Great Game: Borderlines
Jheri St. James
(Landscape with Kopet Dag Mountains)
is wealthy in natural resources in certain areas,
possessing the world’s fourth
largest reserves of natural gas. Most of the country
is covered by the Karakum (Black Sand) Desert. Also
known as Turkmenia, Turkmenistan gained independence
from the Soviet Union 1991. Its borderlines are named
for the countries of Afghanistan southeast, Iran south
/ southwest, Kazakhstan north / northwest and the Caspian
Sea west. Turkmenistan contains one of the driest deserts
in the world, over 80 percent of the country covered
by the Karakum Desert. The climate is mostly arid subtropical
desert with little rainfall. Winters are mild and dry.
The Caspian Sea is entirely landlocked with no access
to the ocean.
“President for Life” Saparmurat
Niyazov (called “Turkmenbasy—leader of
the Turkmens”) died suddenly in December 2006
after 21 years in office, marked by publication of
his own religious text entitled “The Ruhnama.” His
regime required that the book be given equal status
with the Quran, and the book was heavily promoted as
part of the president’s personality cult. Knowledge
of the Ruhnama is required for obtaining a driver’s
license. He styled himself as a promoter of traditional
Muslim and Turkmen culture, but he became notorious
in the West for his dictatorial rule and extravagant
ego. Gurbanguly Berdimukhamedov is currently president,
elected in 2007.
looks so ill at ease
So distrustful so displeased
Running down the table
I see a borderline
Like a barbed wire fence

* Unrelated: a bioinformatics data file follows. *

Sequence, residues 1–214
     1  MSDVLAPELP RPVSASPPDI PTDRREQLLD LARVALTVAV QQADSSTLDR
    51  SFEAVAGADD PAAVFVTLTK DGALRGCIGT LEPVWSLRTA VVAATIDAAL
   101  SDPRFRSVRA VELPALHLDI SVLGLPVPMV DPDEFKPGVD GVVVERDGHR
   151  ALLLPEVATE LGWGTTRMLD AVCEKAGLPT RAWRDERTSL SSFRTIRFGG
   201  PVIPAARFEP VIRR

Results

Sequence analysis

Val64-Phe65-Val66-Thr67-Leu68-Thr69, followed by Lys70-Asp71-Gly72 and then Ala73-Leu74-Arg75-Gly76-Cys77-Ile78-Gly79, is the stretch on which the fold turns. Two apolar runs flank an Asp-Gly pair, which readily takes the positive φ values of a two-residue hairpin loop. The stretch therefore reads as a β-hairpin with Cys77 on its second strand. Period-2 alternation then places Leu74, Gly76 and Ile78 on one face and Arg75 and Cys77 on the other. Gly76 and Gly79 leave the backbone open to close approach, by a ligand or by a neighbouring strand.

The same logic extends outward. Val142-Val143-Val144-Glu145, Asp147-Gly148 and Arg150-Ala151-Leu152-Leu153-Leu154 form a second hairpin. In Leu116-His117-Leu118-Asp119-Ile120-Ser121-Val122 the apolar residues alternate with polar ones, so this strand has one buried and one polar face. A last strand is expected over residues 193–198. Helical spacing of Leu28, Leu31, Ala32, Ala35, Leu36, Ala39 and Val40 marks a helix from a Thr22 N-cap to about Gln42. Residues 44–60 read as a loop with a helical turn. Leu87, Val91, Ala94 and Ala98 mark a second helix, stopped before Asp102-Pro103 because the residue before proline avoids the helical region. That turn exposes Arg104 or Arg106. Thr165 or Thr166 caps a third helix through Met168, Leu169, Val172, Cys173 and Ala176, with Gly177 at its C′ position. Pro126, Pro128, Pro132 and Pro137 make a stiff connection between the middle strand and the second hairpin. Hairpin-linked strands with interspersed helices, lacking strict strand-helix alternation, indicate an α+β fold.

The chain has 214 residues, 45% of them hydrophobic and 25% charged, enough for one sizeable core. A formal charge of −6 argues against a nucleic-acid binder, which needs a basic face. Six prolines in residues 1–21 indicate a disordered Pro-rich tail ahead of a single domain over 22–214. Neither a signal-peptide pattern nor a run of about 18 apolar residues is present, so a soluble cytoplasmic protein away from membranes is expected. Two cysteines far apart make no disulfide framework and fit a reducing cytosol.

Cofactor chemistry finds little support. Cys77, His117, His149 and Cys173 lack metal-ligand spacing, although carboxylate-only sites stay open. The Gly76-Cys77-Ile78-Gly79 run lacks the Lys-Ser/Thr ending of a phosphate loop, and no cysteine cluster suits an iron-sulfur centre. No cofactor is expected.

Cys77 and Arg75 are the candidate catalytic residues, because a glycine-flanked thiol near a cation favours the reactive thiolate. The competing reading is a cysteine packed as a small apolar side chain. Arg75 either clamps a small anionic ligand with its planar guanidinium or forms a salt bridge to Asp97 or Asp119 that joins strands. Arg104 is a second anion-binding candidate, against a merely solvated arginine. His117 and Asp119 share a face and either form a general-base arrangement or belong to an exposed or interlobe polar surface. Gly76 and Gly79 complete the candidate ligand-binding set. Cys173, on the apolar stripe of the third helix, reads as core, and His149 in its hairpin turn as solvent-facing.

Strung tight, strung tense
Prickling with pretense
The territory of Turkmenistan has a long,
checkered history, as armies from one empire after
another decamped there on their way to more prosperous
territories. Alexander the Great and troops from Persia
(Margiana, Kharezm and Parthian) were among the first
conquerors. Turkmenistan remained the territory of
the Persian empire for several centuries. Then Arabs
ruled, followed by Mongolian Genghis Khan and for the
next seven centuries, the Turkmen people lived under
various empires and fought constant inter-tribal wars;
Persian Shahs, Khivan Khans, Emirs of Buhkara and rulers
of Afghanistan fought over the borderlines of Turkmenistan.
This vast territory was largely unmapped and virtually
unknown to Europe and the Western world. Rivalry for
control of the area between the British Empire and
Tsarist Russia was characterized as The Great Game.
By 1894, Russia gained control of Turkmenistan and
incorporated it into its empire.
“Prior to the Russian conquest, the Turkmen
were known and feared for their involvement in the
Central Asian slave trade. The neighboring rural villages
of Persia and Afghanistan were the main victims of
Turkmen raids, in which groups of armed men on horseback
carried away captives to be sold in the slave markets
of Khiva, Bukhara, and Mari.” (Paul R. Spickard,
notion we subscribe to
Is just a borderline
Good or bad, we think we know
As if thinking makes things so!
All convictions grow along a borderline
Smug in your jaded expertise
You scathe the wonder world
And you praise barbarity
In this illusionary place--
This scared hard-edged rat race
All liberty is laced with
Continuing human rights abuses have imposed
severe restrictions on foreign travel; discrimination
against ethnic minorities remains in practice; Turkmenistan
had the third worst press freedom conditions in the
world behind North Korea and Burma, and is one of the
10 most censored countries (Reporters Without Borders
2006 World Press Freedom Index).
* * *
Our soil collecting friends in Turkmenistan were Eleonora
Malashkevich and Vladimar Grigoryants on June 16, 2008.
Their collection came from the park in front of the
Ak Altyn Hotel and the Turkmen Circus in Ashgabat City,
the capital city. They captured this historic moment
in time and place in the photos below. Sincere thanks
for the time and effort they contributed to our project.
word for peace in Turkmenistan is "parahatgylyk."